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U.S. court shuts down LimeWire

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The era of peer-to-peer filesharing may be ending. Today, CNET reports that U.S. District Judge Kimba Wood issued an injunction ordering the LimeWire online service shut down. The ruling comes as a victory for the RIAA, which has been fighting Lime Wire for years, contending that it promotes the illegal download of music and costs the industry in upwards of $500 million a month. The injunction comes after the judge issued a summary judgement in May supporting the music industry and accusing Lime Wire Group’s founder, Mark Gorton, of copyright infringement, unfair competitive practices, and inducing copyright infringement.

“Using its best efforts,” Wood wrote, “Lime Wire shall use all reasonable technological means to immediately cease and desist the current infringement of the Copyrighted Works by Legacy users through the LimeWire System and Software and to prevent and inhibit future infringement of copyright works.”

“While this is not our ideal path, we hope to work with the music industry in moving forward,” a Lime Wire spokesperson said in a statement. “We look forward to embracing necessary changes and collaborating with the entire music industry in the future.” Such a deal is unlikely as the RIAA moves on to the next portion of their suit, accusing Mark Gorton of copyright infringement and seeking damages that may exceed $1 billion.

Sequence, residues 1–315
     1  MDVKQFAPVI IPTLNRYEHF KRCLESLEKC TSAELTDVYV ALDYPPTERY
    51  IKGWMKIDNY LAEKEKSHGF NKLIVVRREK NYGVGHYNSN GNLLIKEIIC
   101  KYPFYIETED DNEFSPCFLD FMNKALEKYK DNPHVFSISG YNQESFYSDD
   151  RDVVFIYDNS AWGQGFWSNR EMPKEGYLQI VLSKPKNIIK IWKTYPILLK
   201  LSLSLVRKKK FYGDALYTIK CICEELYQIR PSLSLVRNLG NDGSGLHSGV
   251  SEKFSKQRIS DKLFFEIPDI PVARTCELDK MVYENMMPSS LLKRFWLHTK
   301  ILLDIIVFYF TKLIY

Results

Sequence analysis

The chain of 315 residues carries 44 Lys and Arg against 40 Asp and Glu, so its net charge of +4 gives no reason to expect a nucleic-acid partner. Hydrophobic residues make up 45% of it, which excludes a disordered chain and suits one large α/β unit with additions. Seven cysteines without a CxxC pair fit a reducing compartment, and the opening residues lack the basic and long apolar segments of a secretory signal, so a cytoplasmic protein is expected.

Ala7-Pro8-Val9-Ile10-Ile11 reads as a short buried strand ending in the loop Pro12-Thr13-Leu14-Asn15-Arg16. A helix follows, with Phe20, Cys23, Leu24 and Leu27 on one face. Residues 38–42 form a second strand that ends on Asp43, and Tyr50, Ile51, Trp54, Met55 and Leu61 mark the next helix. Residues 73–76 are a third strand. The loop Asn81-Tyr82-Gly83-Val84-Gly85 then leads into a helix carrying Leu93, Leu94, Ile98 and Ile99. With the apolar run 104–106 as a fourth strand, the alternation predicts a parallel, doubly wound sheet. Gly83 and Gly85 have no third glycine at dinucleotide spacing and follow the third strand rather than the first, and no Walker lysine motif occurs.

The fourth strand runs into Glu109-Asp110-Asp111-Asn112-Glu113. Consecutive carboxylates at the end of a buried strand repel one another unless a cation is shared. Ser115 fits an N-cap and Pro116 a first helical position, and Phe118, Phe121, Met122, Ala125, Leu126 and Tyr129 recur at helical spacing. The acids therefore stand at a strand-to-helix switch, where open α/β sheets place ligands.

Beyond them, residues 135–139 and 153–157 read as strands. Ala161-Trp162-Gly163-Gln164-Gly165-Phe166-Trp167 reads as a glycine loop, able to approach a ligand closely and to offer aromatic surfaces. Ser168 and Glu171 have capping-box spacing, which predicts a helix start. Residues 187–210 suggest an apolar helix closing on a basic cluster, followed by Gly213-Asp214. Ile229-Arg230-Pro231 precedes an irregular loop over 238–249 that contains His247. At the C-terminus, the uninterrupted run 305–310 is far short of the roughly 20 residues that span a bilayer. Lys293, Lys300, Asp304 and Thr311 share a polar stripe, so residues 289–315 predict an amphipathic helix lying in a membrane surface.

Lime Wire’s legal music service: Spoon

Since May, Gorton and the RIAA were trying to negotiate a deal that would allow Lime Wire’s unpopular legal music service called Spoon access to licensed and legal music. However, the deal broke down when Gorton wanted LimeWire to remain operational for as long as a year to help transition users to the new service. The RIAA believed that 10 years was long enough and claimed that it loses millions every day.

“For the better part of the last decade, Limewire and Gorton have violated the law,” the RIAA said in a statement. “The court has now signed an injunction that will start to unwind the massive piracy machine that Lime Wire and Gorton used to enrich themselves immensely.”

Though LimeWire is no longer active, illegal filesharing is not dead. In the past few years BitTorrent has emerged as a more popular way to share large numbers of files. Unlike Gorton, whose Lime Wire was based in New York, many BitTorrent websites are operated outside of the United States, making them more difficult to shut down.